Mobile communication devices are commonly used by users for both work and personal purposes, and two approaches have been developed to enable enterprise customers to maintain control of work-related data and applications on mobile communication devices. These approaches, however, are geared towards addressing security vulnerabilities in mobile devices that store or are configured for access to work-related email accounts or other work-related data or services. To address the security vulnerability, enterprises and their service providers have developed methods for remotely erasing all data from enterprise devices, for example when the devices are reported as being lost or stolen. Recognizing that mobile devices are commonly used for both work and personal purposes, however, enterprise users may not want to erase personal data from such devices. A server-based solution to this problem has been proposed for devices such as Blackberry devices. Enterprise users having a Blackberry Enterprise Server can use the server to classify enterprise and personal data and applications on mobile devices controlled by the enterprise, and to restrict access to the enterprise data and applications on the mobile devices. The solution, however, restricts classification to one of only two categories (i.e., work vs. non-work), cannot be initiated or configured by a user of the device, and requires a specialized server and communication with the server to classify data and enact access restrictions.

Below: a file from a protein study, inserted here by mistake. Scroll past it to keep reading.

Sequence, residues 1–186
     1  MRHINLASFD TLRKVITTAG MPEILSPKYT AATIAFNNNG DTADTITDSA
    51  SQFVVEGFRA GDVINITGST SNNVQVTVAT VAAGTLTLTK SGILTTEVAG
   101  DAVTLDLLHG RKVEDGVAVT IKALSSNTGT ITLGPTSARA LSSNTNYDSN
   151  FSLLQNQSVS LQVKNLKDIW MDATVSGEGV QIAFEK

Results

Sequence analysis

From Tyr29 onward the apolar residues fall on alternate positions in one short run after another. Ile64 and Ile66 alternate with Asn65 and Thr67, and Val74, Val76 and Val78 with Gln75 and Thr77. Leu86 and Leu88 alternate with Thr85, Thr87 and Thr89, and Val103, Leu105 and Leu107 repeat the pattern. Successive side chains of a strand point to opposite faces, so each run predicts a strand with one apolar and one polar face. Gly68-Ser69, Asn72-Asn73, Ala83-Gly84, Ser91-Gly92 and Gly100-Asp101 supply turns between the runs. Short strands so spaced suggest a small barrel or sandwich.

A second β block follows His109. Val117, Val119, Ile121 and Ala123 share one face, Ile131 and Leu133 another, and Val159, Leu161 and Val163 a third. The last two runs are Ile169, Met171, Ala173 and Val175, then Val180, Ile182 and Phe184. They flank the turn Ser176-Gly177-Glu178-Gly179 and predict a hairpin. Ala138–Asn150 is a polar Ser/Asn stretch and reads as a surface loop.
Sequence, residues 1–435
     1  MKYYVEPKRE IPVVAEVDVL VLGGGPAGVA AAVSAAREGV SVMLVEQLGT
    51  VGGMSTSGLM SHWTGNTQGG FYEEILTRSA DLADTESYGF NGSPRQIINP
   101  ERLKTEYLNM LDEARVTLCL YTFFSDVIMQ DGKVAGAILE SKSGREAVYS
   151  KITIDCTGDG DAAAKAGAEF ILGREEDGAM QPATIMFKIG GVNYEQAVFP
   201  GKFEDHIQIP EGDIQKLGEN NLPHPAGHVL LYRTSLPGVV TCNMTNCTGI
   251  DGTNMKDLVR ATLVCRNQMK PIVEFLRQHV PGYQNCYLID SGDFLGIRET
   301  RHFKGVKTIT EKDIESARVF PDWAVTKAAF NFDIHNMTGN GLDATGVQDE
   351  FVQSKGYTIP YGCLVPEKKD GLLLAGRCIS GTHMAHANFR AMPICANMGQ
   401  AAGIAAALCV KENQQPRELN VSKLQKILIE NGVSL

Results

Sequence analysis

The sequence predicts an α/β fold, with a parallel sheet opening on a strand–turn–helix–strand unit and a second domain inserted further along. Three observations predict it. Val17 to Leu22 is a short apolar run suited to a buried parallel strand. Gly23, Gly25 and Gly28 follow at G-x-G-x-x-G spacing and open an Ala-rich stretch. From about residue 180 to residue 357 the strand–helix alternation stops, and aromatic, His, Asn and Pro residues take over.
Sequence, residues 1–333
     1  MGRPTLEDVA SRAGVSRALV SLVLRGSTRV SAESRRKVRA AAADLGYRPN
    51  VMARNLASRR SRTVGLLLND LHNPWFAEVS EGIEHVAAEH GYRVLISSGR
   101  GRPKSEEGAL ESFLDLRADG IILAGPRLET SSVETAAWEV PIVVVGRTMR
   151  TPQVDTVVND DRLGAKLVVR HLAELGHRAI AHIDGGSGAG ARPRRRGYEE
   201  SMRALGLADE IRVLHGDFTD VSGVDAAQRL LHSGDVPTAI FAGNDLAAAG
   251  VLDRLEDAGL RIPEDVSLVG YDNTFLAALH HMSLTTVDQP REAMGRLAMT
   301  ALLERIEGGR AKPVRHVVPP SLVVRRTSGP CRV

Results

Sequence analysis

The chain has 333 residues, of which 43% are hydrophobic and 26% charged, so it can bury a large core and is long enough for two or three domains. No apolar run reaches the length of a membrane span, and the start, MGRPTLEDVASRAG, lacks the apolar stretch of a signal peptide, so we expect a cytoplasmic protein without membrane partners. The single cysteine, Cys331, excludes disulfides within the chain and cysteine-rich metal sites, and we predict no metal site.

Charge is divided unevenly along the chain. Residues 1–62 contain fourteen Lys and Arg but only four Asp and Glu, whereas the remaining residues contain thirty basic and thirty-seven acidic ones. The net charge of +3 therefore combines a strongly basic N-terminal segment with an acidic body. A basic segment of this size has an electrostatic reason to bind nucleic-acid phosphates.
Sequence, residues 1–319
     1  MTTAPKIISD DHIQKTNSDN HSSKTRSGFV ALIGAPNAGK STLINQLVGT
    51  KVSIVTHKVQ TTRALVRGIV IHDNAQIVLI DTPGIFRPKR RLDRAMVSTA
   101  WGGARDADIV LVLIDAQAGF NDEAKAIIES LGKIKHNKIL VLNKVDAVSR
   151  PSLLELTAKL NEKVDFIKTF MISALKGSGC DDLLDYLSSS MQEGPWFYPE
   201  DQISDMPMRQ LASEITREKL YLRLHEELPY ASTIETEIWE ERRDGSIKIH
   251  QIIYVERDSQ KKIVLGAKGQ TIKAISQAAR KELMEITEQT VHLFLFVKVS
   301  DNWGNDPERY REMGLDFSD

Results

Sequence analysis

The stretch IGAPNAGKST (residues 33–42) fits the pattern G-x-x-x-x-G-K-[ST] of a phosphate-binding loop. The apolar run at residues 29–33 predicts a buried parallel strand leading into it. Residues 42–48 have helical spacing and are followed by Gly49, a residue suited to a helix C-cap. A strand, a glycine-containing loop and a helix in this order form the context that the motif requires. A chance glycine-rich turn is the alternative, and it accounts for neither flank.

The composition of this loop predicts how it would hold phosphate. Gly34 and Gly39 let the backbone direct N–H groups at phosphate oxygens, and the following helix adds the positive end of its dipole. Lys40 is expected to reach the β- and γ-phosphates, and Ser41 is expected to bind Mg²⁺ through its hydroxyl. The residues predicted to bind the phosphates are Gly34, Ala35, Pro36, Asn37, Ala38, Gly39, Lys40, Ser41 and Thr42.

A second approach for allowing enterprise users to impose restrictions on mobile communication devices has been proposed. The second approach relies on a Mobile Virtualization Platform which runs two operating systems on the mobile device. A native operating system (OS) provides access to the device's built-in features, while a guest operating system contains the employee's work environment. Enterprise users may thus deploy a guest operating system platform on a user's device to provide access to enterprise data and applications, while retaining control of access restrictions on the enterprise data and applications running in the guest operating system. This second approach, however, is again limited to one of only two categories of data (i.e., work-related running on the guest OS, vs. non-work running on the native OS). Also, the second approach cannot be initiated or configured by a user of the device, and is computationally expensive by requiring dual operating systems on the mobile communication device, and separate applications running in each operating system. In addition, the virtualization platform approach requires a device with two phone numbers, such that data can be separately provided to each operating system.